By Leika Kihara
TOKYO (Reuters) - The Bank of Japan is dropping subtle, yet intentional, hints that it could edge away from crisis-mode stimulus earlier than expected, through a future hike in its yield target, according to people familiar with the central bank's thinking.
With inflation still way below its 2 percent target, the BOJ sees no immediate need to withdraw stimulus, and regards weak price growth as its most pressing policy challenge.
But bank officials are now more vocal on the rising cost of prolonged easing, such as the hit to bank margins - a sign that their next move would be to roll back stimulus rather than expand it, the people said.
The most likely first step - albeit some time away - would be to allow long-term rates to rise more, reflecting improvements in the economy, they said.
"The change in tone doesn't have immediate policy implications, but it's probably intentional," one of the people said.
"The BOJ wants to make its policy framework more sustainable," said another. "Allowing longer-term rates to rise more would give banks some breathing space."
The first sign of change came in Nagoya on Nov. 6, when BOJ Governor Haruhiko Kuroda - whose current term ends in April - said he was "mindful" of the risk prolonged easing could hurt banks' appetite to lend.
Days later, board member Yukitoshi Funo said the BOJ must be vigilant to the cost of easing.
The most striking warning came from Kuroda last week, when he referred to a "reversal rate" - the level where rate cuts by a central bank hurt, not help, the economy by damaging banks and discouraging lending.
"Because the impact of the low interest rate environment on financial institutions' soundness is cumulative, the BOJ will continue to pay attention to this risk," Kuroda said in a Nov. 13 speech in Zurich.
European Central Bank (ECB) executive board member Benoit Coeure referred to the reversal rate in July last year in discussing when further rate cuts could become counter-productive. Five months later, the ECB decided to cut monthly asset purchases from 2017.
The BOJ also has a history of dropping early hints of a future policy shift. Roughly a year before adopting its yield curve control (YCC) policy, the BOJ published a research paper analysing the feasibility of the idea.
"Reversal rate is a pretty shocking word to come out of the mouth of a BOJ governor. It's unthinkable the BOJ would insert it in Kuroda's speech without any policy intention," said Takahide Kiuchi, who was a BOJ board member until July.
The BOJ may allow long-term rates to rise more by shifting its long-term rate target to five-year yields from 10-year yields around the first quarter of next year, Kiuchi said.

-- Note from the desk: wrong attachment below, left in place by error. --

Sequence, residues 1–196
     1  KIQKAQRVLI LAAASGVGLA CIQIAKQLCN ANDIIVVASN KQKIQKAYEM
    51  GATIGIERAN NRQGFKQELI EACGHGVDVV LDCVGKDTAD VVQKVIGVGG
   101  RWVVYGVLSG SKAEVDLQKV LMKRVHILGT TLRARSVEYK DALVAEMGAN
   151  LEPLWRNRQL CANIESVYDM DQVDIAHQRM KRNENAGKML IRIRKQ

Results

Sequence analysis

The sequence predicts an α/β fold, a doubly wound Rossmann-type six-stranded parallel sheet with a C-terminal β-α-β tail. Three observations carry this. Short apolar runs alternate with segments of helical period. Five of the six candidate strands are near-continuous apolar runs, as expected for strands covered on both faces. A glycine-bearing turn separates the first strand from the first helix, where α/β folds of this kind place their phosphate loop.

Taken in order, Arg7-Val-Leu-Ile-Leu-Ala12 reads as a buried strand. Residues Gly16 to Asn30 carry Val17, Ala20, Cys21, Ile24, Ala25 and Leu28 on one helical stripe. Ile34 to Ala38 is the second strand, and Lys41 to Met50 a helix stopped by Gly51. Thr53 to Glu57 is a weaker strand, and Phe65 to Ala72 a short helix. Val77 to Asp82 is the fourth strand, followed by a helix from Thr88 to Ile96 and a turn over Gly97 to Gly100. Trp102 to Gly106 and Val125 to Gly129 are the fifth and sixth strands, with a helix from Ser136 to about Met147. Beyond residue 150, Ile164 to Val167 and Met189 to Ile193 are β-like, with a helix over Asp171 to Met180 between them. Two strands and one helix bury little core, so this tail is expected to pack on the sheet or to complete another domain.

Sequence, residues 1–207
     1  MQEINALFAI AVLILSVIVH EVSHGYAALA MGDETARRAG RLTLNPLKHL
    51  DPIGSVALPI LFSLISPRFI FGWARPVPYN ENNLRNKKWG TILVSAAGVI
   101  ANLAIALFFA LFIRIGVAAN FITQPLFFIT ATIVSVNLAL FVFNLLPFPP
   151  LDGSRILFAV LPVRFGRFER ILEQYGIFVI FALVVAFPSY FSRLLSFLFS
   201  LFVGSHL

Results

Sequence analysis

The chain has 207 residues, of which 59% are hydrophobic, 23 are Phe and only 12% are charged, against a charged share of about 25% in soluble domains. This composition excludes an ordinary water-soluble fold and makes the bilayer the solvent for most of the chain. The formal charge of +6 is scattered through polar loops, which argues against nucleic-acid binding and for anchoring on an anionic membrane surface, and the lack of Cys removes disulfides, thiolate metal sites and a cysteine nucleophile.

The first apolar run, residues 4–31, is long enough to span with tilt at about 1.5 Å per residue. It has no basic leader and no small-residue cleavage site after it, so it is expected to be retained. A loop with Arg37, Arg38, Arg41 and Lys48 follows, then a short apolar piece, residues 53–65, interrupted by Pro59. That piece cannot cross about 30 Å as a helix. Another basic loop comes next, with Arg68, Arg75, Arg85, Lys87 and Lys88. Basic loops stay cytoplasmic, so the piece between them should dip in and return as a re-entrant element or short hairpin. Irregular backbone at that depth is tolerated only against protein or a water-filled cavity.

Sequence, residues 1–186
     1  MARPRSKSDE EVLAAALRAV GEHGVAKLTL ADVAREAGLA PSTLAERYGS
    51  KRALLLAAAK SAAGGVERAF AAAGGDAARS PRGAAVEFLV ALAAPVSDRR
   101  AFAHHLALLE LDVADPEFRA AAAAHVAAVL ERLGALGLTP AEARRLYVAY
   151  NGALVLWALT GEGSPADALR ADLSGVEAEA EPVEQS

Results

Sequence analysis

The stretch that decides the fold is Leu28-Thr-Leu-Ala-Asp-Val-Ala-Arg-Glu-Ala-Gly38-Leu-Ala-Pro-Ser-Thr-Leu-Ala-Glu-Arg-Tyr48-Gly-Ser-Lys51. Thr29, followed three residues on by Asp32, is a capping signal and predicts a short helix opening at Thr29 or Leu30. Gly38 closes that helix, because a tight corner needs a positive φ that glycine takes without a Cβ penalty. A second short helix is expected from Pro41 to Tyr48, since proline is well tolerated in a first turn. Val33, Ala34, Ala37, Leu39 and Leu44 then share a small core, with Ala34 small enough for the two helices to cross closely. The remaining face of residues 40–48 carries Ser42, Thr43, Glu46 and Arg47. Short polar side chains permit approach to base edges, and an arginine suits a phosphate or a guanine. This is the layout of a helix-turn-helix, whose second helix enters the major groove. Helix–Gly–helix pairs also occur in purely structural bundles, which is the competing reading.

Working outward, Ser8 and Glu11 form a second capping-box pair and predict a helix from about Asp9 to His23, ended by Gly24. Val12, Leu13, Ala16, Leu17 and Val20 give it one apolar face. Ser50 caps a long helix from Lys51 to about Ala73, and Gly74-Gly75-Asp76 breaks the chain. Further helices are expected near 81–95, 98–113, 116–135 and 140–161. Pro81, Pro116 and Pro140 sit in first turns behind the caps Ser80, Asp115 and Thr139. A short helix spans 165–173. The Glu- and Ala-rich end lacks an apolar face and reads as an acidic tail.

"The BOJ could put a positive spin on the move by saying it can more effectively reflate growth by keeping short-term borrowing costs low while allowing longer yields to rise."
After three years of heavy asset buying failed to fire up inflation, the BOJ last year shifted to a policy targeting interest rates to free itself from a commitment to buy bonds at a set pace and make its policy framework more sustainable.
Under that YCC policy it guides short-term rates at minus 0.1 percent and 10-year bond yields around zero percent.
The shift in communication comes as the U.S. Federal Reserve and ECB head for an exit from ultra-loose policy, and suggests the BOJ could follow suit sooner than expected.
A majority of economists polled by Reuters before Kuroda's latest comments expect the BOJ's next move to be a withdrawal of stimulus - but not until later next year or beyond.
If the economy keeps improving, the central bank may consider hiking the yield target as early as April, said veteran BOJ watcher Izuru Kato, chief economist at Totan Research.
"The BOJ probably wants to fine-tune YCC with a modest hike in the yield target, and justify the move as aimed at easing the strain on Japan's banking system," he said.
Indeed, BOJ officials have signalled they do not necessarily need to wait until inflation hits 2 percent to raise the yield target, as long as it keeps printing money aggressively.
But stubbornly low inflation and a potential change in governor could discourage the BOJ from any early policy change.
"The BOJ would struggle to justify raising the yield target unless inflation exceeds 1 percent," said Mari Iwashita, chief market economist at SMBC Friend Securities.
Core consumer inflation stood at 0.7 percent in September from a year earlier.
While the timing of a rate hike remains uncertain, one thing is sure: the BOJ won't spring a surprise like the time Kuroda deployed his 'bazooka' monetary stimulus in 2013.
"It's important the BOJ prepares markets in advance with careful communication," said a third person familiar with the bank's thinking.
Graphic - BOJ's battle with deflation: http://tmsnrt.rs/28KmQnX
(Reporting by Leika Kihara; Editing by Ian Geoghegan)